• Hi Carmel, the focus of this blog post and the research paper it was drawn from came out of a longer conversation. If you’re interested in the larger dialogue, check out these proceeding posts: http://www.homeschoolretrospective.com/what-are-they-doing-now-survey-adults-after-alt-ed/
      http://www.homeschoolretrospective.com/what-34-homeschoolers-i-grew-up-with-are-doing-now/
      http://www.homeschoolretrospective.com/in-order-to-give-their-children-a-right-to-study-painting-poetry-music/

      Regardless of your opinion about STEM fields, the fact that it is a focus of conversations about education in general makes it a relevant topic to look at in the context of homeschooling and unschooling. Also, the actual research paper, although much longer than this blog post, had to be fairly short and therefore tightly focused on just a few aspects of the topic of alternative education.

      I personally disagree with your opinion (your Point “a”) of the direction and ultimate ends of STEM fields. Science is the study of life, the universe, and everything, and in my opinion it is one of the best things that people do. I marvel at the fact that this multi-generational worldwide effort we call science has been able to unlock so many mysteries about ourselves as well as animals and stars, trees and diseases. Mathematics is the language with which the universe is written (shameful steal from Galileo there) – again, nothing could be more beautiful or noble than the study of, discovery of, and invention of mathematics. Tech and engineering fields certainly can create and have created things that harm people and the biosphere – but these fields also can create and have created things that help people, other creatures, and the environment. There is nothing inherently bad about the applied sciences, and I have a generally positive attitude about their contributions, past and future.

      I am not sure what you mean in your Point “b,” but again I would defend science; dogmatism is counter to the spirit and process of science, and science is the best tool we have to inspect statements and tenets and dogmas to see which (if any) match up to reality. I don’t know what you mean by “the whole scientific construct is something of a tautology”; science and math generally frown on extra, unnecessary assumptions (both science and math strive for the simplest, most elegant explanations and equations), and many scientific findings are startlingly counter-intuitive (relativity, spacetime, dark matter, quantum physics, etc.).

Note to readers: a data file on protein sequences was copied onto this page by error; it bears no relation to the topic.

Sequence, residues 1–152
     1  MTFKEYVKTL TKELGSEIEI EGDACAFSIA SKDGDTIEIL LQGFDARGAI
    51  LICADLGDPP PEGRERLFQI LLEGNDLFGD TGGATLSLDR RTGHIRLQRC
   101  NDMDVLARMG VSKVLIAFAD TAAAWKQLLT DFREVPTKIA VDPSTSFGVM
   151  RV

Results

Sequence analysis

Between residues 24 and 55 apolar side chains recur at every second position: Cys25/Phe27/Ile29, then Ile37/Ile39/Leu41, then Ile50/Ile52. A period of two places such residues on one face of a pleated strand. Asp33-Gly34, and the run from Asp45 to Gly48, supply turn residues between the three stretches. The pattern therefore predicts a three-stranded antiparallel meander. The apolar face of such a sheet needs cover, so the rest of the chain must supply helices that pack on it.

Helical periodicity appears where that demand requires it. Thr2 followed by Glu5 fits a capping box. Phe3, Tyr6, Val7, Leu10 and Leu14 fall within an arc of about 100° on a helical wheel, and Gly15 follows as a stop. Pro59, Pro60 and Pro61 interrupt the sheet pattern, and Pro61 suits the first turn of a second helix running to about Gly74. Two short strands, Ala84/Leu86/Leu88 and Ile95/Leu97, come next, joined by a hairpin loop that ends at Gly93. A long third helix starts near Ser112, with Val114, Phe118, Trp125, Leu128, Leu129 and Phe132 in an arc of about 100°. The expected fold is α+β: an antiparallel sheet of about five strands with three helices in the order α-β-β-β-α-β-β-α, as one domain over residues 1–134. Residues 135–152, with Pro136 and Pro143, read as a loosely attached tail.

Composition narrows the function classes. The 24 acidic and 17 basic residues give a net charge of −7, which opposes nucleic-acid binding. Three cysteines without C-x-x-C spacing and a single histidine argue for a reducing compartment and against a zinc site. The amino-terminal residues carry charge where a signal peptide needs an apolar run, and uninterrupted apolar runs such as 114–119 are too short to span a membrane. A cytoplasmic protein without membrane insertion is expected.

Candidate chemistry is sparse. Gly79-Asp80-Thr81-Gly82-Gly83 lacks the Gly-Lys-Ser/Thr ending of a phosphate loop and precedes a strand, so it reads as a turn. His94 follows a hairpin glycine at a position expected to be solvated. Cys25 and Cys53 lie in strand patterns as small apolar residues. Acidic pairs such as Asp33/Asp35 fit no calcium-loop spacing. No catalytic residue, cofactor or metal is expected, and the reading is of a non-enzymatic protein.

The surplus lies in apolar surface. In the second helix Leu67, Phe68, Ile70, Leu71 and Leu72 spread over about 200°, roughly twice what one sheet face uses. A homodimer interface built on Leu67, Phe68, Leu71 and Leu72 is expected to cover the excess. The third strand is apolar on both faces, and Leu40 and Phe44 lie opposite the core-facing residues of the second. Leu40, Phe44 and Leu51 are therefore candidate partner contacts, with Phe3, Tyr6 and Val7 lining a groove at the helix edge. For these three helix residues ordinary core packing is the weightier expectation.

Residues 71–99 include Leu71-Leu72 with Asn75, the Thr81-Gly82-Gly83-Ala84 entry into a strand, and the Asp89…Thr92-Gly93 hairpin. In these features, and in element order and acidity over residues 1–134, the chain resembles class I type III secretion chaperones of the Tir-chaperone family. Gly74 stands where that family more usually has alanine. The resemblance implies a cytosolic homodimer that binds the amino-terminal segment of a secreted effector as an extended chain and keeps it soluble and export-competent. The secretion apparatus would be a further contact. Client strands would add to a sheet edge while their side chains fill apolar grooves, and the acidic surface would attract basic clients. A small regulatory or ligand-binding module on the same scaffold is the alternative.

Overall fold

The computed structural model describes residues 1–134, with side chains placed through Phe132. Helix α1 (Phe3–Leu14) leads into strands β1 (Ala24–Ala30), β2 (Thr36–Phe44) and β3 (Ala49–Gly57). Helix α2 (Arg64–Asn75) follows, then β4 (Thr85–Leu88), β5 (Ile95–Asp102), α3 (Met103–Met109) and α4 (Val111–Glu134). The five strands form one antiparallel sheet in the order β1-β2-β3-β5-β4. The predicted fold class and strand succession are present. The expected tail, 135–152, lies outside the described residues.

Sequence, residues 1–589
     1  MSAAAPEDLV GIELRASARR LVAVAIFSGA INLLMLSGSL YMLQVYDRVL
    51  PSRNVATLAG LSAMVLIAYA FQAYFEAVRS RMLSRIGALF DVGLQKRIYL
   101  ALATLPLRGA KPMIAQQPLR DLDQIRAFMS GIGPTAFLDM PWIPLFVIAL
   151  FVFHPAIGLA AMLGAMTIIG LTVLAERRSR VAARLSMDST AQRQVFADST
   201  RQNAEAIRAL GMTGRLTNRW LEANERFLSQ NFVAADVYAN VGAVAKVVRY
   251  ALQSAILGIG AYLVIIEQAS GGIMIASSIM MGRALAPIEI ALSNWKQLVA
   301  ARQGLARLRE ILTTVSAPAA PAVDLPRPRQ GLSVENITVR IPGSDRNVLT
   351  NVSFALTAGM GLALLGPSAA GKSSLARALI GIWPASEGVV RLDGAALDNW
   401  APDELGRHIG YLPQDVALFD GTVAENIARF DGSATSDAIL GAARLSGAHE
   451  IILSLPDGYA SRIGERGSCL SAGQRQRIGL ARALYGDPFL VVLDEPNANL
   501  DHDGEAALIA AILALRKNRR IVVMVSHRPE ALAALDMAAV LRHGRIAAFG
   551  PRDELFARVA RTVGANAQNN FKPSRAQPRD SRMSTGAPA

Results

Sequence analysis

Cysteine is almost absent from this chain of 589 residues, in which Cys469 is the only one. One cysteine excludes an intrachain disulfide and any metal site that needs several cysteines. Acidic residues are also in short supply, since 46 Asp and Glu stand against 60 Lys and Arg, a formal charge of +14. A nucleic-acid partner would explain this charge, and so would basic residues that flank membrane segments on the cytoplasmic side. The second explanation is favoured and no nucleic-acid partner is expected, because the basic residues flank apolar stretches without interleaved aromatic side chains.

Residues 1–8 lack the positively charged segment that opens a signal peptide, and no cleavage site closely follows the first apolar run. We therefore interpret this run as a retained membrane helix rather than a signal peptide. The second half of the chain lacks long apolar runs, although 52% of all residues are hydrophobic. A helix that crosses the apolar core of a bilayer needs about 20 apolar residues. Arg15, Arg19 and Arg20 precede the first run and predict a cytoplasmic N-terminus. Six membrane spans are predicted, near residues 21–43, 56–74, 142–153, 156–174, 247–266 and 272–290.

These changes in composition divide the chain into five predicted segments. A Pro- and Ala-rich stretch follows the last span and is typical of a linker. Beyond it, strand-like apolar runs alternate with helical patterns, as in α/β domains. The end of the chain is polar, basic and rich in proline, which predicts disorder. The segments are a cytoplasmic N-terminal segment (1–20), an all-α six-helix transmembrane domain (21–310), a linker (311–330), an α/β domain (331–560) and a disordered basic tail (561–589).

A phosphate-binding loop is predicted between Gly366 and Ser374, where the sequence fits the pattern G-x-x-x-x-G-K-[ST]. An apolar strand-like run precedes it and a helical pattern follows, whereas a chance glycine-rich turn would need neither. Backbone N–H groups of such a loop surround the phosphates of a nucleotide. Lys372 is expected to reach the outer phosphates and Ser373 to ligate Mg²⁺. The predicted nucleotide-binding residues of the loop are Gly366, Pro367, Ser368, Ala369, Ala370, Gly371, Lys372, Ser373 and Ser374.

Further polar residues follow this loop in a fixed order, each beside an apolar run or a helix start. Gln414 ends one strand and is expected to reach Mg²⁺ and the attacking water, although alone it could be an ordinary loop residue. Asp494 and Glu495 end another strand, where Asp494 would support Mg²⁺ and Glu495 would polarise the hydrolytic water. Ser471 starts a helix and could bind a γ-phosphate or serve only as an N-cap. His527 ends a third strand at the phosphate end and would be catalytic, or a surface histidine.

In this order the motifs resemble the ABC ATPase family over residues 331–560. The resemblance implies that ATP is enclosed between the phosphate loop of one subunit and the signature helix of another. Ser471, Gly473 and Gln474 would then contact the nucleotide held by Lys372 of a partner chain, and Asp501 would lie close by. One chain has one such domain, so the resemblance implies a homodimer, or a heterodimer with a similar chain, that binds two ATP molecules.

As for your Point “c,” that STEM fields are boring – again, I heartily disagree and am so glad that so many people coming from alternative education disagree as well!

      • Hi Cathy

        thank you for taking the time and giving the energy to reply to my comment.

        I appreciate and affirm the research that you have done. Its good that you have examined the contribution of people educated at home to society, and what happens to homeschoolers and what choices they make as adults.

        Regards

        Carmel Duffy

  4. In reference to Carmel Duffy’s comments regarding STEM, I am stunned to hear such commentary about STEM. Just make a list of your life over a 24 hour period and examine how STEM has positively impacted your life and that of your loved ones. Boring? Just observe kids delight in discovering the beauty and wonders of the physical world around them. They are enthralled. STEM is the way we humans have made sense of our observations of our physical world and made it useful for ourselves and our word. Carmel’s comments seem extremely ill-informed and unexamined.

  5. I just wanted to say we’re really happy this post was so widely shared, and that it reached new people. Glad that people are contributing feedback to expand the conversation.

Leave a Reply

Your email address will not be published. Required fields are marked *

You may use these HTML tags and attributes: <a href="" title=""> <abbr title=""> <acronym title=""> <b> <blockquote cite=""> <cite> <code> <del datetime=""> <em> <i> <q cite=""> <strike> <strong>